Tuesday, July 7, 2009

Becoming-Vegetarian or Becoming-Vegan?

I have been unable to decide if I should call it becoming-vegetarian or becoming-vegan. For me, the term would technically mean the same thing: a process of subjectivity that would at the same time be an ethical relationship with other animals. That would mean, at the minimum, that we probably didn't eat their flesh, put them in cages, take away their young, conduct violent and invasive tests, etc. But with that said, which term?
I like the term vegetarian a lot. I like the history of the term, that the vegetarian society claims it comes from the latin for lively. And, originally with the vegetarian society, vegetarian meant pretty much what vegan means today. But, the term vegetarian nowadays has some pretty specific eating criteria. You avoid flesh, but remain okay with eggs and milk. Furthermore, in general it is seen as a non-political term. You seldom meet a vegan whose primary concern is not an ethical relationship to other animals. The same cannot be said for vegetarians.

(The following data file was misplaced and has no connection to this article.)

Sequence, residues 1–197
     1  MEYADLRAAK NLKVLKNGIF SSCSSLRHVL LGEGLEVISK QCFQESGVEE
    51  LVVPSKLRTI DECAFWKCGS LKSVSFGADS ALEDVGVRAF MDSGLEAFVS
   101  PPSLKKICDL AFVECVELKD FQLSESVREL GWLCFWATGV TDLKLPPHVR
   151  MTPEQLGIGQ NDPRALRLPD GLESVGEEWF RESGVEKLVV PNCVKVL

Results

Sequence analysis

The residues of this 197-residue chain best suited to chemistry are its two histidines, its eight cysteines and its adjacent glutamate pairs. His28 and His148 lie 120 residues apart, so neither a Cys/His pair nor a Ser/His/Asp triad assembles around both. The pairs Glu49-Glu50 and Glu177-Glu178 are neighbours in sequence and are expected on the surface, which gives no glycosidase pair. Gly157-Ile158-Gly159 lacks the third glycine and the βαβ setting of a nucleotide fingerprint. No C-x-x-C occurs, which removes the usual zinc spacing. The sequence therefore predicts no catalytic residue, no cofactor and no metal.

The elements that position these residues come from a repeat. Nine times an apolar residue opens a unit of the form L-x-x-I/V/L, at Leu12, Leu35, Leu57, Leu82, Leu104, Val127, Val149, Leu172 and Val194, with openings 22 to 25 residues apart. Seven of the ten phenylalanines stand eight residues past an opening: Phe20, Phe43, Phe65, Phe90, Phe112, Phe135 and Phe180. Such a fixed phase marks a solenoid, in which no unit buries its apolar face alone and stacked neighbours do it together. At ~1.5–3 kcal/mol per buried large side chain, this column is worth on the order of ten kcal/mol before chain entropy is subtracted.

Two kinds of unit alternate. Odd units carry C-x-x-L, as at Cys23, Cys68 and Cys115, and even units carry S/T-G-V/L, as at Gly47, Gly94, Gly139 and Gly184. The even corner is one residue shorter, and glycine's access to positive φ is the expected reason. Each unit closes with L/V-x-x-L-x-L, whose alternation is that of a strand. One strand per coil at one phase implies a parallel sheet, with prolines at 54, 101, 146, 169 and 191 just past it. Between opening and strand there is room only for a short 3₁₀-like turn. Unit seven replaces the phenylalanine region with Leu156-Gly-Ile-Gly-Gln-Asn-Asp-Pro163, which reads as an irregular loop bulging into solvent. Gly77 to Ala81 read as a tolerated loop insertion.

But my understanding about the history of the term vegan is the people who coined simply took the first and last parts of vegetarian, and they simply made the world because it felt right. Which is fine, but lacks the same sort of wordpoetry that vegetarian conjures up for me.
So, thoughts?